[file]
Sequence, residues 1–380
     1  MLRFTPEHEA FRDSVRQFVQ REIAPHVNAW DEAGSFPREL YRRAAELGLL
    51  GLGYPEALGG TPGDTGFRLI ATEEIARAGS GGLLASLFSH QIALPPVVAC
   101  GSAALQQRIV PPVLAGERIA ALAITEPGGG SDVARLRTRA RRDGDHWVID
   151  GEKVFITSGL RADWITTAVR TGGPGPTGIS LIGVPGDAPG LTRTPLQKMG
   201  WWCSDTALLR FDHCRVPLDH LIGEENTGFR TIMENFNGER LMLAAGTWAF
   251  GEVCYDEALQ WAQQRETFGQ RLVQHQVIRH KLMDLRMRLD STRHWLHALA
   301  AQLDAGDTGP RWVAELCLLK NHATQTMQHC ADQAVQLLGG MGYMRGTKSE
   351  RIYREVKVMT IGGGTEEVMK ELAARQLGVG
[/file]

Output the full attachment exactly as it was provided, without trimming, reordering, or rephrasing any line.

Sequence, residues 1–380
     1  MLRFTPEHEA FRDSVRQFVQ REIAPHVNAW DEAGSFPREL YRRAAELGLL
    51  GLGYPEALGG TPGDTGFRLI ATEEIARAGS GGLLASLFSH QIALPPVVAC
   101  GSAALQQRIV PPVLAGERIA ALAITEPGGG SDVARLRTRA RRDGDHWVID
   151  GEKVFITSGL RADWITTAVR TGGPGPTGIS LIGVPGDAPG LTRTPLQKMG
   201  WWCSDTALLR FDHCRVPLDH LIGEENTGFR TIMENFNGER LMLAAGTWAF
   251  GEVCYDEALQ WAQQRETFGQ RLVQHQVIRH KLMDLRMRLD STRHWLHALA
   301  AQLDAGDTGP RWVAELCLLK NHATQTMQHC ADQAVQLLGG MGYMRGTKSE
   351  RIYREVKVMT IGGGTEEVMK ELAARQLGVG